The performing arts and filmmaking tend to be somewhat more difficult to document, but these applications should include the professional resume, examples of work, e.g. music scores, professionally produced cds/dvds/vhs with the artists? role in the creative process documented on the jacket and/or in the credits in the recorded work, playbills, reviews, newspaper clippings, etc.

Writers and poets can also be certified if the board deems them to be on a career track and the work to be ?fine? rather than ?commercial.? These applications should include the professional resume, examples of published works, peer reviews, playbills for readings, etc.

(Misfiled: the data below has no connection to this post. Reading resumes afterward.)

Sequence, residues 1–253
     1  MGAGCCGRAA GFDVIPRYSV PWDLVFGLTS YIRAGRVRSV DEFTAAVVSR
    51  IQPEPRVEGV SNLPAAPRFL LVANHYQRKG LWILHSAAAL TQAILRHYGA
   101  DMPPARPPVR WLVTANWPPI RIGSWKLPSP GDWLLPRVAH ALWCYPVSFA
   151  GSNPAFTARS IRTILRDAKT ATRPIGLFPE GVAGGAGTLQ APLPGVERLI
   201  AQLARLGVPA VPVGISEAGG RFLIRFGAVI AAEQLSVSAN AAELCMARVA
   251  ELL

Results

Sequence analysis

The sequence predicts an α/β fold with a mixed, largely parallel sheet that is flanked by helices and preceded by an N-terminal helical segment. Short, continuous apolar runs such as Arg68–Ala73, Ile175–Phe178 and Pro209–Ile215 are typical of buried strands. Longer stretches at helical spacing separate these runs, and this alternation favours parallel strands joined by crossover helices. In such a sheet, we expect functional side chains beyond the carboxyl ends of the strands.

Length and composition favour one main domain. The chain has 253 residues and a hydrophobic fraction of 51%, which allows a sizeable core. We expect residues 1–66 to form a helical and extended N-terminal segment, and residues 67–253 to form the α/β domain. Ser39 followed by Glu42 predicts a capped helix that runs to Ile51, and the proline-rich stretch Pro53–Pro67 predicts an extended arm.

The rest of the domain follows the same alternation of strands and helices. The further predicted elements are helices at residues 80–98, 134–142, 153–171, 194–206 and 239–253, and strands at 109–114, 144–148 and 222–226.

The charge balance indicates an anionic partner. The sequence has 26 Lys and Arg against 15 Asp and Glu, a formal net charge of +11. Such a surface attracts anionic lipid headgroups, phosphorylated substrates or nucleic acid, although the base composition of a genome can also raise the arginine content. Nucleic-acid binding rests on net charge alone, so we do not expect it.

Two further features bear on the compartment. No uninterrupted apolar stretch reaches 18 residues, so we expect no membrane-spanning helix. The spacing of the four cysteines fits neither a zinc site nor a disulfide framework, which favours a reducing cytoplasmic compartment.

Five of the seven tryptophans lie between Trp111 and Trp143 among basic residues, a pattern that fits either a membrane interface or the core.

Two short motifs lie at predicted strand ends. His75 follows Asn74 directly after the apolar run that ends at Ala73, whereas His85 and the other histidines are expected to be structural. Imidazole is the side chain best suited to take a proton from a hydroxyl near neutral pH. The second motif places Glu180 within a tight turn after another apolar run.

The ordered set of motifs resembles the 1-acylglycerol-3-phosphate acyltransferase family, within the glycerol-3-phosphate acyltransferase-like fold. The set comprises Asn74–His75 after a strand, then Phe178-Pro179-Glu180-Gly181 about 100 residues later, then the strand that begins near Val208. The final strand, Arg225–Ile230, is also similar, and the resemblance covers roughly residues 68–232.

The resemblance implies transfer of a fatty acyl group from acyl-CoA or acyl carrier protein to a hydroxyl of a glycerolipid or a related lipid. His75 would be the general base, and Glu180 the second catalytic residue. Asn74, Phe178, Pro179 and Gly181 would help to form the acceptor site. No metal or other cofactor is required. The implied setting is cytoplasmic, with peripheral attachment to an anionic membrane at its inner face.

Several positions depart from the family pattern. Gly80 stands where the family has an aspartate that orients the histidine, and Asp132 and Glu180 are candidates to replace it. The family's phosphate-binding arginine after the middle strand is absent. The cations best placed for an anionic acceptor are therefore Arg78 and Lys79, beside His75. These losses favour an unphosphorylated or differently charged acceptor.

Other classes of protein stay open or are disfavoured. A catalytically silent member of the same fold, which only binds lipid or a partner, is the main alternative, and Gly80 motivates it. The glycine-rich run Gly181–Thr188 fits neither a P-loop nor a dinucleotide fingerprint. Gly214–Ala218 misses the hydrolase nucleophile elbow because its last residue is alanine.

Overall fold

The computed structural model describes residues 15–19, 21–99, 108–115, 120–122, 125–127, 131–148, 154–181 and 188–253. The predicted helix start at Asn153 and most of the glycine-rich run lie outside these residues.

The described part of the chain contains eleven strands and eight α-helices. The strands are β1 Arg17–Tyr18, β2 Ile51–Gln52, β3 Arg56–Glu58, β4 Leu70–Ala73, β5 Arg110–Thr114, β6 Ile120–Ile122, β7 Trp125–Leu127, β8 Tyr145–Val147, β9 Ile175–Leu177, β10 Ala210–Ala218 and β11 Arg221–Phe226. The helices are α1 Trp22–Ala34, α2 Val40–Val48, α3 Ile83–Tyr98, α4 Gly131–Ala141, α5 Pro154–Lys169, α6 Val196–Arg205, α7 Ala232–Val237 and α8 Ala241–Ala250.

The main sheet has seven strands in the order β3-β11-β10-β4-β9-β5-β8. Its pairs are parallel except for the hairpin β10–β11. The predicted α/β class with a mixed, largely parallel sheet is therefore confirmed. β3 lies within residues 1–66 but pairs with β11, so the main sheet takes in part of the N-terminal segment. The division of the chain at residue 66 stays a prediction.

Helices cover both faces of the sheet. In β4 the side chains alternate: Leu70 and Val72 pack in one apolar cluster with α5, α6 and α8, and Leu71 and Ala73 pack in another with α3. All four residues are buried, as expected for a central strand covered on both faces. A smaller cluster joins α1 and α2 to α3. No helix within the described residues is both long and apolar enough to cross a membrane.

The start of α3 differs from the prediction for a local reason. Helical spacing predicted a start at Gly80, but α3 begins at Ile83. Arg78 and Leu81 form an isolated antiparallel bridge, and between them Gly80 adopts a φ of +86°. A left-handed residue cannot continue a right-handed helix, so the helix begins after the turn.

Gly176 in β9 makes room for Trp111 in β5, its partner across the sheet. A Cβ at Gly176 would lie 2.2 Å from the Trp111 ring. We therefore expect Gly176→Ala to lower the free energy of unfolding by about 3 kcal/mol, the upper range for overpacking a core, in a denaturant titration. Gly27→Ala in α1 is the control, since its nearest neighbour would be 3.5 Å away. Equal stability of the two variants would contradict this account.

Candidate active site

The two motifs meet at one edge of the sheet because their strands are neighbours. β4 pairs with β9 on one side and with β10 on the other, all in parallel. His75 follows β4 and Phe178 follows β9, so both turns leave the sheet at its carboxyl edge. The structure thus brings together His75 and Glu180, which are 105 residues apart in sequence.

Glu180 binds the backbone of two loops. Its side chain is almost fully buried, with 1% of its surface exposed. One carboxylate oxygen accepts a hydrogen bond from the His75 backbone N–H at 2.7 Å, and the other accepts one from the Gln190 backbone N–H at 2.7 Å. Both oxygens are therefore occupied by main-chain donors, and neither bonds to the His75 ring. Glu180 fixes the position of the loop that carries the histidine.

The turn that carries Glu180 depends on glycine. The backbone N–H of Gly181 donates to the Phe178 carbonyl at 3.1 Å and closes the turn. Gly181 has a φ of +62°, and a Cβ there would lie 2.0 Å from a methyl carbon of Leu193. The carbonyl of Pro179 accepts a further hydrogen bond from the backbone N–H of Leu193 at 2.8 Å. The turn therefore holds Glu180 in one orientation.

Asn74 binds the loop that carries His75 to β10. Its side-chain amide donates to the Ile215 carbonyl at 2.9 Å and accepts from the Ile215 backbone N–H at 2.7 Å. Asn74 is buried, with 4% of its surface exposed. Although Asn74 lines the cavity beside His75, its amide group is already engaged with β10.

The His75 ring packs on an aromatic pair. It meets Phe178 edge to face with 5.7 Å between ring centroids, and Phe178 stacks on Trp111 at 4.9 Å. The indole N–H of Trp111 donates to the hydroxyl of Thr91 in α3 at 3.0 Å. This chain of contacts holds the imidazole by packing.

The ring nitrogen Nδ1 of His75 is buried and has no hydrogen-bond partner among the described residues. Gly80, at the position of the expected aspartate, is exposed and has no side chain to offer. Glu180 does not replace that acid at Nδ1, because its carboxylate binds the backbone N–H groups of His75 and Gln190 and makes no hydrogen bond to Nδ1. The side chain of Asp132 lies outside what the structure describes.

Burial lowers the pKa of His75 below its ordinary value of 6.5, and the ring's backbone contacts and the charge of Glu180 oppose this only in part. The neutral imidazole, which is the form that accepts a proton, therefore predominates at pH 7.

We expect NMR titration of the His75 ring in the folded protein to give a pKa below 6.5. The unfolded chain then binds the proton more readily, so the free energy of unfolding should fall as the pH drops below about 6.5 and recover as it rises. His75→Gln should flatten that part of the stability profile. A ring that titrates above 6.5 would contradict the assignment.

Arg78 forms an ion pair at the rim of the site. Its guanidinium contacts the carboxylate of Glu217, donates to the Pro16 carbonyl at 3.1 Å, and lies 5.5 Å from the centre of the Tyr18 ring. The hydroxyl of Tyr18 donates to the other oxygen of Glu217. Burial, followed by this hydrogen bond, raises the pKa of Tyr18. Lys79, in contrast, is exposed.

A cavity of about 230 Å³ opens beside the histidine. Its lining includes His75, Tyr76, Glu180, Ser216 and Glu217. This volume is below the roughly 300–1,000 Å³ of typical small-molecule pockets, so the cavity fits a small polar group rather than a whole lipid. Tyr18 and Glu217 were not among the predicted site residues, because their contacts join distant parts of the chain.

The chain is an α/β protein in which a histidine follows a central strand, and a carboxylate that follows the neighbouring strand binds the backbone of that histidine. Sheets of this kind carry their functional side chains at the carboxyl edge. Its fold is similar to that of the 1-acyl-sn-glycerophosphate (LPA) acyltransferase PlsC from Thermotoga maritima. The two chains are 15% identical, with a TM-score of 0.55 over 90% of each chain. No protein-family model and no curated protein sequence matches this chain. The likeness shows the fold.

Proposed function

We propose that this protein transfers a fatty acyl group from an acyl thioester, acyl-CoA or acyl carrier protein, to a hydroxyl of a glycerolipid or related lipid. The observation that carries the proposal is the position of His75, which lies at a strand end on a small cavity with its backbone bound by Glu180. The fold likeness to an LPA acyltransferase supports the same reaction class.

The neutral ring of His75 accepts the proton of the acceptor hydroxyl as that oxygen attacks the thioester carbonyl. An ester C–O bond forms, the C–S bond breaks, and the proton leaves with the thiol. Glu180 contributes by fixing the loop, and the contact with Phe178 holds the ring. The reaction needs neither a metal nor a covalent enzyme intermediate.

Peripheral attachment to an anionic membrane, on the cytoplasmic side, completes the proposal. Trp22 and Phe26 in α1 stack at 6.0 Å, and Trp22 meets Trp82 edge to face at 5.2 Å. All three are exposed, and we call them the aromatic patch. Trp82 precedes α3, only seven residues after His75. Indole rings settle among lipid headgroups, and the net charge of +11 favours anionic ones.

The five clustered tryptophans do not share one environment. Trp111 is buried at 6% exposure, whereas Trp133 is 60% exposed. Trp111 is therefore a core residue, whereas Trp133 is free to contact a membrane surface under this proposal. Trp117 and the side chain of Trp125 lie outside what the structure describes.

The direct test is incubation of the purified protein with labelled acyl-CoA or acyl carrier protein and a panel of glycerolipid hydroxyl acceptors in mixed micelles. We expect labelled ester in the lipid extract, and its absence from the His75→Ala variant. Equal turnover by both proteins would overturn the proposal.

The Board?s job is to make sure that affordable units in the PAD go to valid fine artists and not hobbyists or others who want affordable units without providing the service to the City that the career artists do. That service is to create an arts and entertainment district, i.e. a destination and tourist attraction. For example, lottery winning artists are expected to open their studios for the Artists Studio Tour each October.

I hope this information is helpful. The public including applicants with pending applications are always welcome at the regular monthly Board meetings. They are held at the JC Division of Planning, 14th Floor, 30 Montgomery Street at 10 am the first Wednesday (I think) of the month. Call City Planning 201.547.5010 to confirm the dates.

Posted on: 2006/12/16 0:30
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Re: Advice to a 'soon to be' resident of downtown JC
#19
Not too shy to talk
Not too shy to talk